Lastly, when you get your interview schedule I recommend reading a little bit about everyone who you will interview with. If you are interviewing with every faculty member at a program it might take some time, but coming in prepared with at least one thoughtful comment for each professor indicates preparation and respect.
For the next post I will talk about the financial side of the interview process–how to cut costs, make the most of your visits, and manage anxiety.
I’ve watched previous ted talks by Guy Winch and when I saw his name pop up for this video, I knew I had to check it out! He is an engaging speaker and does a great job weaving together personal stories, anecdotes, and data. This talk is particularly helpful as our boundaries have become more muddied with many of us working from home with COVID-19. I hope you enjoy!
Do you ruminate on work during your free time? What tricks do you use to keep your work life and home life separate?
I talked a little bit about the application timeline in my last post, but I think it is helpful to have a full post dedicated to managing all the components of grad school applications. Ideally you want to have the GRE done and out of the way as early as you can. The GRE is good for ~5 years so take it when it works well for you. Maybe you have a light class load if you’re in college or you are working a 9-5 that means you have extra time in the evenings–take advantage of that time and study or take a prep class for the GRE. I love the Magoosh app for vocabulary (it’s free)! The GRE can feel like a major time suck at times, so I suggest you try and knock it out early.
Next, I would reach out to potential recommenders to see who has time and get a shortlist together. If you are applying to programs with a Fall deadline (November/December), then try reaching out to your potential recommenders in July or August. Don’t be offended if your favorite professor doesn’t have time to write you a letter–it’s easy to forget professors have lives too! This is is why it is nice to have 5-6 people feel comfortable asking and who know you well enough to write a thorough recommendation letter.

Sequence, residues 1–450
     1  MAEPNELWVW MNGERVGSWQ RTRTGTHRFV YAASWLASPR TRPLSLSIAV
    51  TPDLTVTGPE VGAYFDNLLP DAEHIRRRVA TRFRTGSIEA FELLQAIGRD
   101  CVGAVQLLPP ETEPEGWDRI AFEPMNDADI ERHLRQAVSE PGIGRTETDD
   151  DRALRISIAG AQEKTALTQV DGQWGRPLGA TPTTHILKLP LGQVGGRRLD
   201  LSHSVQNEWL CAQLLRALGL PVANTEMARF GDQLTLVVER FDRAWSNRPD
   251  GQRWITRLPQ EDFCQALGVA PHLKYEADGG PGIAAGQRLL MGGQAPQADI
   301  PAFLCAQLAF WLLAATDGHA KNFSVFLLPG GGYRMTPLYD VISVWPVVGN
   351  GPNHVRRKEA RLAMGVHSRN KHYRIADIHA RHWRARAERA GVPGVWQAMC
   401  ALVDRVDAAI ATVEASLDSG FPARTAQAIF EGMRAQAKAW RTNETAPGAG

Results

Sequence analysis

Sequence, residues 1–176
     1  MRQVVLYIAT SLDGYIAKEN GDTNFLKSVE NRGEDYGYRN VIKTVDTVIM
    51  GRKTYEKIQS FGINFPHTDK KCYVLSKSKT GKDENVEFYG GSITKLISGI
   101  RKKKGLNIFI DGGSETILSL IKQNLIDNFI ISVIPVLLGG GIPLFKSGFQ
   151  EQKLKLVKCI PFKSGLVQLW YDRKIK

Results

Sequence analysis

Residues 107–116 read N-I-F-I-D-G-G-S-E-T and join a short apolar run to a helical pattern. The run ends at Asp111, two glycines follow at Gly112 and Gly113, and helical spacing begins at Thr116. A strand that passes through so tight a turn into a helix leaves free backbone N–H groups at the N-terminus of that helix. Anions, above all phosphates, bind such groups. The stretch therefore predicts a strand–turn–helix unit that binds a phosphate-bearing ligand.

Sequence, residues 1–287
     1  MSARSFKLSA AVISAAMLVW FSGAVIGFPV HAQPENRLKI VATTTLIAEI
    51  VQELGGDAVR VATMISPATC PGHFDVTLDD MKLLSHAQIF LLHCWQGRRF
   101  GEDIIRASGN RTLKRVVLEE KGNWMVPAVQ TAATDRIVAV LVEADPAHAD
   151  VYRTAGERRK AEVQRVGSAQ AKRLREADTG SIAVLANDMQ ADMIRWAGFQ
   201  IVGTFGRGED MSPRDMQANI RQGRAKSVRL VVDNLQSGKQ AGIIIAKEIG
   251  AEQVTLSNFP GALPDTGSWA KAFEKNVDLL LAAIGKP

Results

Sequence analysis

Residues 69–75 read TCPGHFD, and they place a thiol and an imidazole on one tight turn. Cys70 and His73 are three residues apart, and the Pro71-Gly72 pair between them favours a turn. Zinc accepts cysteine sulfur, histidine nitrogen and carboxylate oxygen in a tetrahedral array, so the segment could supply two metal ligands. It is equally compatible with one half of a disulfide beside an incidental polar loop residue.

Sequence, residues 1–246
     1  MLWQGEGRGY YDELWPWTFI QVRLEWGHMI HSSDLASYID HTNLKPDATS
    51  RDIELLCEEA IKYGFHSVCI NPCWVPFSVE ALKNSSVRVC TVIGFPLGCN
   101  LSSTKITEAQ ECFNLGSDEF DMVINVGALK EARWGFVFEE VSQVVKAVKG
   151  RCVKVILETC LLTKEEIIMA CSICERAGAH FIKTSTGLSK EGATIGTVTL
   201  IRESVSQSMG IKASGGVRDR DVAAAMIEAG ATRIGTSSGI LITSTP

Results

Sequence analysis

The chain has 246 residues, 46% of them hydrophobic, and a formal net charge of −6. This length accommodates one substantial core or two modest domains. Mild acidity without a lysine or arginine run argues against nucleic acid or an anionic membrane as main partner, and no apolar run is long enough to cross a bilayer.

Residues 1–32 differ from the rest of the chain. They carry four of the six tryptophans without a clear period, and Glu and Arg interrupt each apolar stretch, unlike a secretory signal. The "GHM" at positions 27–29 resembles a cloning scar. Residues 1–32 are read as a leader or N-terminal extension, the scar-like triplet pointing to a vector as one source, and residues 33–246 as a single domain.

As you are reaching out to recommenders, I suggest also working on your personal statement. Your recommenders will likely need this document to tailor their letters, so it’s important to have a solid draft ready for them. Hopefully you are applying to similar faculty and similar programs so you won’t have to change everything about your personal statement for each school. Get a draft of your basic essay ready as early as possible. Send it to trusted friends and family for editing! If your college has a helpful writing center or career center that works with alumni, it could also be useful to use that resource. Personal statements are hard–give yourself time! I would recommend having a solid draft of your bare bones personal statement by the end of September so you have time to change it up for each program and faculty member you are applying to work with.
Unfortunately every school has a different application process. For example, some schools have an online portal and some require you to email all materials to an admin. I would recommend making a big spreadsheet to keep track of what needs to be submitted where and when. The whole application process requires a ton of juggling so starting early makes it just a little bit easier!
After submitting your applications in November/December, you can expect to hear back about interviews or a decision starting at the end of December through the beginning of April. If you get an interview, you will likely find out between late December and early February (at the latest).